In unpredictable and volatile environments, such as post-civil war Guatemala, grantmakers may be able to play a critical role on key human rights concerns. But they have to be prepared to take strategic risks in two key ways: by shifting support to emerging actors and strategies when traditional approaches stagnate, and by investing in those organizations most closely tied to communities at risk.
The Fund for Global Human Rights began its programme in Guatemala in 2003, in the aftermath of three decades of civil war. One of the major legacies of the war was inequitable land distribution, with approximately 2 per cent of the population owning 70 per cent of all productive farmland. Government security forces, acting in the interests of powerful landowners, had carried out violent evictions of peasant farmers. Conflict over disputed land ownership threatened to undermine the fragile gains secured by the 1996 Peace Accords.
To address this part of our grants programme, we prioritized funding groups based in Guatemala City that were calling for national legislative and policy reform. Two years later, however, we were stuck, our land rights grants going to organizations that were not making a perceptible difference. Divisions within the land rights movement – and specifically distrust between the national organizations with no constituency and the community-based organizations fighting for their own livelihoods, health and security – had weakened civil society’s response to the land crisis. While land rights were a priority for human rights activists in Guatemala, there was little effective work for a donor to support.
We therefore started looking at a different set of actors in the land rights movement, smaller, community-rooted groups focused on the impact of mining on land rights. By 2006, the Guatemalan government had granted foreign companies upwards of 300 natural resource concessions, almost all of which were located on or next to land inhabited by indigenous communities. The concessions were granted without any consultation with affected communities and the mining that followed had devastating health and environmental consequences. Grassroots opposition to mining spread, provoking a violent response from private security forces brought in to protect the mines.
So we decided to shift our land rights funding and invest in a number of smaller community organizations – most newly formed and largely untested – that were focused increasingly on the impact of mining on land rights. We made grants to help them to play a bigger role in setting the goals and strategies for land rights activism. We focused on groups pursuing a strategy of working with local authorities to hold consultations wherein local communities could discuss and vote on the prospect of a mine locating on or near their land. We also supported national organizations ready to connect these groups to one another and a technical assistance provider that could take lessons learned from early advocacy efforts and help communities to build effective campaigns to defend their rights.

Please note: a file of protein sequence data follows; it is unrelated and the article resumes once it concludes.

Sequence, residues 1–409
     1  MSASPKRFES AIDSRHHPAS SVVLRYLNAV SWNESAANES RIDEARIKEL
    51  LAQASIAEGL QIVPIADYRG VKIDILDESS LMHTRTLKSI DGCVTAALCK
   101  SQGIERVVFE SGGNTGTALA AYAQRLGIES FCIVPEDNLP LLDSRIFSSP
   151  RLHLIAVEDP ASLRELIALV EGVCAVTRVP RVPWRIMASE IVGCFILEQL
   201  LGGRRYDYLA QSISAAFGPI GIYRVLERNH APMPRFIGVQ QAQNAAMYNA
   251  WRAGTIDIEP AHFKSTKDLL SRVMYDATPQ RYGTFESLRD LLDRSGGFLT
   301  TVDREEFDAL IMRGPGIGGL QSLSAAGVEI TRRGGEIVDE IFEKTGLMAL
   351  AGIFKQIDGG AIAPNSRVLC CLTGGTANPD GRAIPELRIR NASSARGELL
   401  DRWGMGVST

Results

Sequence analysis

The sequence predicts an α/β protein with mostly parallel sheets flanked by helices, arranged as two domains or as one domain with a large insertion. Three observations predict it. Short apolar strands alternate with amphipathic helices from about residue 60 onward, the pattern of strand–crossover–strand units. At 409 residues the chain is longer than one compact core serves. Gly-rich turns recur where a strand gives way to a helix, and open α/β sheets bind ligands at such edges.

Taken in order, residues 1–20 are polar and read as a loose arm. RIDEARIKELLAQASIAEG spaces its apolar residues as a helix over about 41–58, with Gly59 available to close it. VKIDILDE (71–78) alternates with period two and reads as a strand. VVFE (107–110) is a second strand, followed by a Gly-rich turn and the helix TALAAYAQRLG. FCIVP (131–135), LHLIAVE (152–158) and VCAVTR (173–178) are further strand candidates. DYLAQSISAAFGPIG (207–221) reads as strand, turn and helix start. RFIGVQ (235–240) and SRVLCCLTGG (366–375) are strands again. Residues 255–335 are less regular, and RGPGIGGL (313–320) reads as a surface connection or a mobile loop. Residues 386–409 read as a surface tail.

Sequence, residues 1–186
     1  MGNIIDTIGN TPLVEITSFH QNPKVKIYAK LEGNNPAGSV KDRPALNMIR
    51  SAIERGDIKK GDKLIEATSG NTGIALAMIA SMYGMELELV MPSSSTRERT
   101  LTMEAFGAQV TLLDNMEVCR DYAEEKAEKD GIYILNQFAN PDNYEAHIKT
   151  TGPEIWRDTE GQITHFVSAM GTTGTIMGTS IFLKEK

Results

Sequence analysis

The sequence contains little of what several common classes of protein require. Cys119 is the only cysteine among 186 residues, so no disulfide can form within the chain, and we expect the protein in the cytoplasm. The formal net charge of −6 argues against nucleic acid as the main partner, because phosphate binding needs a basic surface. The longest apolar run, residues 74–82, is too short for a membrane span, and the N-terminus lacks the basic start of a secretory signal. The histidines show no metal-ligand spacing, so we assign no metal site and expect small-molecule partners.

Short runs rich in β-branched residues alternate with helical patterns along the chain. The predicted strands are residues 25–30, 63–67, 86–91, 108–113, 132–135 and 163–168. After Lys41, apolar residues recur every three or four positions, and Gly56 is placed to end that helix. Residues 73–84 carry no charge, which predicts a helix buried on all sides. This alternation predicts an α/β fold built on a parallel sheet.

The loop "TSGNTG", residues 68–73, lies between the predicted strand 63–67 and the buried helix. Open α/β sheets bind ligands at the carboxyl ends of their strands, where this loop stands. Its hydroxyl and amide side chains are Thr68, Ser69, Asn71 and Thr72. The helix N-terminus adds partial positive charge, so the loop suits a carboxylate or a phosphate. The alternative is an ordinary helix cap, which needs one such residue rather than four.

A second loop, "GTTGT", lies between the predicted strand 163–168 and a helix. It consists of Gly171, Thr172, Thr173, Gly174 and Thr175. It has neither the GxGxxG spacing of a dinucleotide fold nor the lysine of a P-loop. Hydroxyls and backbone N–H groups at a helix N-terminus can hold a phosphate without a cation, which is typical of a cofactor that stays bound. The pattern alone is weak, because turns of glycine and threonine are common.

Despite two major setbacks – the Guatemalan Supreme Court ruled that community consultations rejecting mining were not legally binding, and efforts to displace a well-established mine foundered – grassroots activists started scoring real victories with this new strategy. In the region of Huehuetenango, all affected communities that held consultations rejected mining. Even though these votes may not be enforceable in Guatemalan courts, community resistance has so far deterred mining companies from entering these areas. The campaign to counter destructive mining and related abuses quickly spread to other parts of the country. Fund grantees have exported this model to other communities that have successfully held the line against harmful mining. (Pictured: a community consultation vote on mining in Huehuetenango.)
Moreover, as a regional funder, we knew that these struggles were not unique to Guatemala. We provided funding for community-based and national land rights activists in eight Meso-American countries to join forces to counter the effects of mining. This campaign has brought together once isolated activists, turned unprecedented attention towards a regional human rights priority, added force to litigation against mining companies in Canadian courts, and reinvigorated the land rights movement in Guatemala.
Perhaps the most important lesson to be learned from this human rights funding experiment is that the key to success lies in giving locally rooted organizations the resources to shape and lead on the issues that affect them most. Without their active engagement and leadership, any human rights funding strategy would have lost its way.
Regan Ralph is president of the Fund for Global Human Rights. email@example.com